Greater Victoria’s economy should grow this year and do nearly as well in 2016, according to a study by the Conference Board of Canada.
The board’s autumn metropolitan outlook forecasts the region’s economy to grow by 1.4 per cent this year and 2.6 per cent next year after a weak 2014, when the economy grew by just 0.6 per cent. “As a provincial capital, Victoria has struggled in the face of provincial government fiscal restraint.” said the board’s Alan Arcand.
“The local economy has grown little in recent years, but things are looking up.
“The provincial government is in a stronger fiscal position, which bodes well for the outlook in Victoria’s largest sectors: non-commercial services and public administration.”
The report suggested Victoria’s manufacturing sector, led by the shipbuilding industry, would again be a driving force.
The board forecasts growth of about seven per cent in that sector alone this year.
Bruce Carter, chief executive of the Greater Victoria Chamber of Commerce, who has often disagreed with the board’s findings, said this report seems to have a better handle on the Victoria economy.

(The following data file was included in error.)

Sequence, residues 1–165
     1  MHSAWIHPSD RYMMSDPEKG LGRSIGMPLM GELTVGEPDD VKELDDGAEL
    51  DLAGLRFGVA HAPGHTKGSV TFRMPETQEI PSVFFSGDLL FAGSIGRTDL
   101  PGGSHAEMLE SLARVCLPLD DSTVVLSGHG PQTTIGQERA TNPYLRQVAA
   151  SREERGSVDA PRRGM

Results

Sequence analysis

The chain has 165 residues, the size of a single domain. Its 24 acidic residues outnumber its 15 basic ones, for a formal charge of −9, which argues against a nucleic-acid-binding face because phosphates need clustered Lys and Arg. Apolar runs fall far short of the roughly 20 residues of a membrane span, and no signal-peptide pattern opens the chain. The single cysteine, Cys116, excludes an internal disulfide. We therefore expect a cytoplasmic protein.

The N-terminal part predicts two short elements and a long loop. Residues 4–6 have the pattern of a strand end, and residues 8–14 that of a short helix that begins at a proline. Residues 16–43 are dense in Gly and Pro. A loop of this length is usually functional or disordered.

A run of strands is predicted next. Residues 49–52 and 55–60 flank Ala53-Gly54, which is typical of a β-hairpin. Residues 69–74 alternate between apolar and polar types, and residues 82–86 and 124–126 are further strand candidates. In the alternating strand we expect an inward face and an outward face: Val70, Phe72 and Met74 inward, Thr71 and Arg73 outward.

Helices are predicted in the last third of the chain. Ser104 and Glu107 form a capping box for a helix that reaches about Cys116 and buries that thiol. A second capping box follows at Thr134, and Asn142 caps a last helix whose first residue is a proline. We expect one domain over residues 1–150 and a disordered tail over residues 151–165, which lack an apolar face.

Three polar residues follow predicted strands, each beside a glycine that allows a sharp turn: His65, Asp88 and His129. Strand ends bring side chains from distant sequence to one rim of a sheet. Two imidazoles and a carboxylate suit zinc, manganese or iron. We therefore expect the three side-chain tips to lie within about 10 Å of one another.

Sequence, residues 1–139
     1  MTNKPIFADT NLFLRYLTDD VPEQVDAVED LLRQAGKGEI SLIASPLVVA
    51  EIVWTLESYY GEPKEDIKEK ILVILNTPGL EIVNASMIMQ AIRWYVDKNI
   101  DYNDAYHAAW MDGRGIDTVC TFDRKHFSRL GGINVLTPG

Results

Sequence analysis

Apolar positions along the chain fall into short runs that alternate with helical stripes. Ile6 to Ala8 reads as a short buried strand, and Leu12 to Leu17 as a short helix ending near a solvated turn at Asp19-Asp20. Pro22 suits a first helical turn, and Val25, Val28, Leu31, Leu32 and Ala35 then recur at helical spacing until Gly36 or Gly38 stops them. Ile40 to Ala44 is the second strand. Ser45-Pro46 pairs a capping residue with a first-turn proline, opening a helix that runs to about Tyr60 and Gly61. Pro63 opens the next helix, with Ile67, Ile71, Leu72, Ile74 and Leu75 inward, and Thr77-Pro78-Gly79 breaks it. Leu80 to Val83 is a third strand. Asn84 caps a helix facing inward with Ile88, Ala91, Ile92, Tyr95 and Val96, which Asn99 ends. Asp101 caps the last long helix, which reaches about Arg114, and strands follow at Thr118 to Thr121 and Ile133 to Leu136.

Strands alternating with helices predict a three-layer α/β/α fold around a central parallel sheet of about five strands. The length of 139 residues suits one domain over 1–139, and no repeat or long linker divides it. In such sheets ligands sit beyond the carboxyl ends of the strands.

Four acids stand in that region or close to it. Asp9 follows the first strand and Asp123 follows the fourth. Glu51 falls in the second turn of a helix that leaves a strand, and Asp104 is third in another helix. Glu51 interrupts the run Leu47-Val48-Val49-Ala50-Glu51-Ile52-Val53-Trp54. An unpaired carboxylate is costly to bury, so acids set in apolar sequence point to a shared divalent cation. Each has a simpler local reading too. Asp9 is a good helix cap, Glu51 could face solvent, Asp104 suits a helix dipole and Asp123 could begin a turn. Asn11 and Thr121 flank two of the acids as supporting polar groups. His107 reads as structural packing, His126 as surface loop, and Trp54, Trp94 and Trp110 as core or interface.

“But they are putting a lot of weight on shipbuilding. I think our [manufacturing] sector is deeper than that,” he said, pointing to the industrial manufacturing being done on the Saanich Peninsula at places such as Viking Air and Nicholson Manufacturing.
“In 2014, we were ranked 13th [among Canadian cities] and this year we should be 10th. Our economy should grow by 1.4 per cent [and] that’s twice the growth of last year. That’s good and the trend line is in the right direction,” Carter said.
He said Victoria could outpace the board’s predictions if it gets some improved growth in the public sector and a bigger bump from a very strong tourism year.
“[Tourism] is so highly visible, as it’s reflected in people downtown and people in restaurants, so I think it will have more of an effect on consumer confidence than they are allowing for in this report,” Carter said.
The board believes Victoria’s public administration sector is not out of the woods and could contract by 1.2 per cent this year, the sixth straight annual decline. However, it forecasts recovery in that realm for 2016 with 2.1 per cent growth.
The non-commercial services sector, which includes health care and education, is expected to bounce back this year with 1.8 per cent growth after a two per cent contraction last year.